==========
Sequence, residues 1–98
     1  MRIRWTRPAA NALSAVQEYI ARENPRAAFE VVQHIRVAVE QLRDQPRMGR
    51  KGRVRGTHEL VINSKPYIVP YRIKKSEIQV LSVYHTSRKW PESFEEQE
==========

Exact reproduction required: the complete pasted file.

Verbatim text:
Sequence, residues 1–98
     1  MRIRWTRPAA NALSAVQEYI ARENPRAAFE VVQHIRVAVE QLRDQPRMGR
    51  KGRVRGTHEL VINSKPYIVP YRIKKSEIQV LSVYHTSRKW PESFEEQE